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Figure 1. Schematic representation of the skin, the distribution of a variety of immune cells, and potential routes to bypass the stratum corneum.
Figure 1. Schematic representation of the skin, the distribution of a variety of immune cells, and potential routes to bypass the stratum corneum.
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Figure 2. Bifurcated needle.
Figure 2. Bifurcated needle.
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Figure 3. An overview of techniques used for vaccination into the dermal compartment.
Figure 3. An overview of techniques used for vaccination into the dermal compartment.
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Table 1. An overview of different vaccination techniques for the dermal compartment, the device developed, and the vaccination targets investigated. Their current developmental stage and advantages and disadvantages are highlighted.
Table 1. An overview of different vaccination techniques for the dermal compartment, the device developed, and the vaccination targets investigated. Their current developmental stage and advantages and disadvantages are highlighted.
TechniqueDevicesVaccine TargetDevelopment StageAdvantages/Disadvantages
Needle adapterID Adapter (West Pharmaceutical Services, Inc., USA)PoliovirusCommercially availableAdvantages:
  • Minimises changes to current clinical practice
  • Low costs
  • Does little to mitigate against fear of needles
  • Does not prevent needle-stick injuries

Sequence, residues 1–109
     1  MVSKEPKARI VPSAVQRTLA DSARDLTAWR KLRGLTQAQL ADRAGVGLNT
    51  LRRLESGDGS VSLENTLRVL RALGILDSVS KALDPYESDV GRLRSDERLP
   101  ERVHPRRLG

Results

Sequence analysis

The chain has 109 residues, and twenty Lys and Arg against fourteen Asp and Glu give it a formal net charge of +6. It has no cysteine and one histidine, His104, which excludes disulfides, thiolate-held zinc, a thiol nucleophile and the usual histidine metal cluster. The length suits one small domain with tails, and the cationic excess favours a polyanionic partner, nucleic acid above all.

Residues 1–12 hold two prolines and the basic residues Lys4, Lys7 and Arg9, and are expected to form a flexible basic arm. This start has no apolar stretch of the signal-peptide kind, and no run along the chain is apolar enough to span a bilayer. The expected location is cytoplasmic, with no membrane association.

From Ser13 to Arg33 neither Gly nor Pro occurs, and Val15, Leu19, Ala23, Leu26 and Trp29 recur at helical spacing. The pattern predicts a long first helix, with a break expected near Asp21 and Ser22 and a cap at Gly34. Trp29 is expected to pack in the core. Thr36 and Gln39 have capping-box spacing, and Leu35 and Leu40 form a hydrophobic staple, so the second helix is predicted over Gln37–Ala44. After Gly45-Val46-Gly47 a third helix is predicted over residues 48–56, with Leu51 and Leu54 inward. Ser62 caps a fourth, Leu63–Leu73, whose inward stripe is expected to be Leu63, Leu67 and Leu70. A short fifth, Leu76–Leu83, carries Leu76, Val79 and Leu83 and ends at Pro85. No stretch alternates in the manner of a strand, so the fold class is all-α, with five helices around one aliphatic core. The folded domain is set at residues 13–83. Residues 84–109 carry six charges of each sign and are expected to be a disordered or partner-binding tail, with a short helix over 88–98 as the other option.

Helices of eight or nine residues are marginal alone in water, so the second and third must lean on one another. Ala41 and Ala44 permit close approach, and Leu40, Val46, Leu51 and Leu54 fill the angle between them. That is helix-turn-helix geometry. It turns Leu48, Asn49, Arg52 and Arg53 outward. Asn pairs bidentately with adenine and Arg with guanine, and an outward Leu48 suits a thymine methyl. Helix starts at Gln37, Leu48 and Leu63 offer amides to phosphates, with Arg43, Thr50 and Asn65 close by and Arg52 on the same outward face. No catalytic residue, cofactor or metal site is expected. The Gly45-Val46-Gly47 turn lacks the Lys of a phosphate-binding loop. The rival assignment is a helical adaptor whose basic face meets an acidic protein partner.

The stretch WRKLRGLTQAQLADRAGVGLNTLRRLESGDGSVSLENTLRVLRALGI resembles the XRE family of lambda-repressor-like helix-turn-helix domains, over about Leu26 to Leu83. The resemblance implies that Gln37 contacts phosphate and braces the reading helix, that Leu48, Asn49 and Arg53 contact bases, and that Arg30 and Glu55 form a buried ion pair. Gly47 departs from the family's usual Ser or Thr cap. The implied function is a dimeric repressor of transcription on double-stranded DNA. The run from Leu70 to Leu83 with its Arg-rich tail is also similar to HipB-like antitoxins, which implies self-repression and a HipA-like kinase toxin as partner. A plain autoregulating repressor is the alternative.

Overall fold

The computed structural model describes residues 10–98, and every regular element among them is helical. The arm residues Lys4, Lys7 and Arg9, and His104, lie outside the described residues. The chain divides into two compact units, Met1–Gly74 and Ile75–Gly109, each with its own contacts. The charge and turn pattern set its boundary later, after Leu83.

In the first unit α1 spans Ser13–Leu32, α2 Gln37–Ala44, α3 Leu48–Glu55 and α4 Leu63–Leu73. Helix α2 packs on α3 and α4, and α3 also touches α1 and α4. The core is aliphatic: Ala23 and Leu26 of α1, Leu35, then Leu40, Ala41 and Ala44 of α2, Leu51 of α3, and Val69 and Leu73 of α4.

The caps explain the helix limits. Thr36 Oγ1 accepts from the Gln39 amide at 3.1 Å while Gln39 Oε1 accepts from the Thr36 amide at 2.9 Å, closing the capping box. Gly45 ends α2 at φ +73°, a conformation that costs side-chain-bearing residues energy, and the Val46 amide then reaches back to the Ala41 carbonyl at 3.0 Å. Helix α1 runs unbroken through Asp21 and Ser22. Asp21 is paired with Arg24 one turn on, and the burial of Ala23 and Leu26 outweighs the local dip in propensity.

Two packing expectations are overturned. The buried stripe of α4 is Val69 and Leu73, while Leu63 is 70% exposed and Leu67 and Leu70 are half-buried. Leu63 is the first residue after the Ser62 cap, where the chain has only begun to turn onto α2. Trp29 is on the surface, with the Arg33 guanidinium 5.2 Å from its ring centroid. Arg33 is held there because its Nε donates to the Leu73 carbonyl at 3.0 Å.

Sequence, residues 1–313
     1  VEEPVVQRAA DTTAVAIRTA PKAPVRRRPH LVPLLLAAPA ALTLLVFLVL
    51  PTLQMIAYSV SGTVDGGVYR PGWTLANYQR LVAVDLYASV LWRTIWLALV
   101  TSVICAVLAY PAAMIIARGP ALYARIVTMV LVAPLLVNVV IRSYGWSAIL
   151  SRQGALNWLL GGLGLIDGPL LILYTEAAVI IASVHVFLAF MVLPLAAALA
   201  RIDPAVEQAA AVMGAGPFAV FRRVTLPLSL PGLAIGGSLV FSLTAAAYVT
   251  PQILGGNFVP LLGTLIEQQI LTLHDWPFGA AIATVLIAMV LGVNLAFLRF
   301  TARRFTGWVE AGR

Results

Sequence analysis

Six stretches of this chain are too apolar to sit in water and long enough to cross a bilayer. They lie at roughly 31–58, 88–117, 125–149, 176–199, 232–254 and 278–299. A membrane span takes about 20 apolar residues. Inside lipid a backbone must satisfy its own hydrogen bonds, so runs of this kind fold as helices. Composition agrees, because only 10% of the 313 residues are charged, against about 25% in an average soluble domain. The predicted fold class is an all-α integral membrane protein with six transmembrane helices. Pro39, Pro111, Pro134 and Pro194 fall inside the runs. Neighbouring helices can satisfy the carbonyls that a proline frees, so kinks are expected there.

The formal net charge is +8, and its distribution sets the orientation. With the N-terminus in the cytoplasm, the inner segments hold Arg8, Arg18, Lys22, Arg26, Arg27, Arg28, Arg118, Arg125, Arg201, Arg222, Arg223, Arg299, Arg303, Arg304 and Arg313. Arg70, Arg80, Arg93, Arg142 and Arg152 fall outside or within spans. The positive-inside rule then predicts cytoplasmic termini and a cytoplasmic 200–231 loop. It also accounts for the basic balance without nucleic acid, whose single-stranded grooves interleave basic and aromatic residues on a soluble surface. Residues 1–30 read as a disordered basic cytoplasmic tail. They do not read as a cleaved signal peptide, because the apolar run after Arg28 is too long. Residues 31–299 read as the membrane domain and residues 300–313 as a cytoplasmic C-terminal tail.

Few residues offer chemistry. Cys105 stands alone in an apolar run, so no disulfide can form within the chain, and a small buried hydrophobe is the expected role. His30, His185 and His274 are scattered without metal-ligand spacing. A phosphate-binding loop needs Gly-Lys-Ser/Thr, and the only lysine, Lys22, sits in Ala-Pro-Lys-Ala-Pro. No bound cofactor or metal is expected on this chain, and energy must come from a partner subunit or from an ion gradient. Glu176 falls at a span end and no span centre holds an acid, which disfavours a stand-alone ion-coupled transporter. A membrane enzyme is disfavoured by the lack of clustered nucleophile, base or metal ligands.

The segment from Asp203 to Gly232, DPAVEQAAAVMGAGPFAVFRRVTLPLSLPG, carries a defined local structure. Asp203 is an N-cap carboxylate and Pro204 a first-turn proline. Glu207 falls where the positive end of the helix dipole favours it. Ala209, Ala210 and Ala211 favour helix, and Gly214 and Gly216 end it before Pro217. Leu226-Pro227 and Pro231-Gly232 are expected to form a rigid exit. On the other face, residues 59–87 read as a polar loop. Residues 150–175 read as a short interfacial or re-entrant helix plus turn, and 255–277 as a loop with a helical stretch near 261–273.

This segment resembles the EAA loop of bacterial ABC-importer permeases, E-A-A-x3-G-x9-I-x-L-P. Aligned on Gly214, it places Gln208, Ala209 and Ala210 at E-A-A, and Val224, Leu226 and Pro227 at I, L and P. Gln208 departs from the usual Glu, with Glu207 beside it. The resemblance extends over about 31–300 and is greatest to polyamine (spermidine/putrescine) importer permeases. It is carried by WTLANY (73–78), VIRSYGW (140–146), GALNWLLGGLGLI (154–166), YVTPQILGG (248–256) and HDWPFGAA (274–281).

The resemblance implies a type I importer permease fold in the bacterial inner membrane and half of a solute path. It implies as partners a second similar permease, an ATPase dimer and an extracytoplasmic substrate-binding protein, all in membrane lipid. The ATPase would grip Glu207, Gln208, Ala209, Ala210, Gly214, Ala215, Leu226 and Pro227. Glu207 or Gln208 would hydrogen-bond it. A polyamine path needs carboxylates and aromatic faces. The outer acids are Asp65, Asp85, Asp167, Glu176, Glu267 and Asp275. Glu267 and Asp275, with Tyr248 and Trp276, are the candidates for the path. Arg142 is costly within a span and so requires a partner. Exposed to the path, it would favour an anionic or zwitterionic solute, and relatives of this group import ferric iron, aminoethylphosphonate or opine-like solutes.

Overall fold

• BD Soluvia™ Micro Injection System (Becton Dickinson, USA)
  • MicronJet600 device (NanoPass Technologies Ltd., Israel)
  • VAX-ID® (Novosanis, Belgium)
  • Immucise (Terumo corporation, Tokyo, Japan)
Hepatitis B
  • FDA and CE approved
  • FDA and CE approved
  • Process of obtaining CE approval
  • Minimises changes to current clinical practice
  • Separate device needs to be acquired for each injection
  • Does not prevent needle-related injuries
Microneedles0Hepatitis B
Hepatitis C
Phase 1 clinical trialsAdvantages:
  • Pain-free
  • Allows for self-administration
  • No sharps waste
  • Increased pruritus and erythema rates
TattooingMultiple needle tattoo device or permanent make-up deviceHPV
Lyme disease
Phase 1 clinical trialsAdvantages:
  • Utilises commercially available devices
  • Does little to mitigate against fear of needles or reduce pain
  • Does not prevent needle-stick injuries
Jet and ballistic delivery
  • PowderJect™ (PowderJect, Oxford, UK, acquired by Pfizer)
  • Biojector 2000 (Bioject, USA)
  • Bioject ZetaJet (Bioject, USA)
  • Injex30 (Injex Equidyne, UK)
  • PharmaJet Stratis (PharmaJet, USA)
  • PharmaJet Tropis (PharmaJet, USA)
  • Trigrid electroporation systems (Ichor medical systems, USA)
  • Actranza™ (DAICEL Corporation, Japan)
Diphtheria, tetanus and pertussis
Hepatitis B
Measles, Mumps and Rubella
Rift Valley Fever virus
  • FDA approved
  • FDA approved
  • FDA approved
  • FDA approved
  • FDA and CE approved
  • CE approved
  • Clinical trials
  • Preclinical
  • No sharps waste
  • Effective for DNA vaccines
  • Quick, suitable for mass vaccination
  • Painful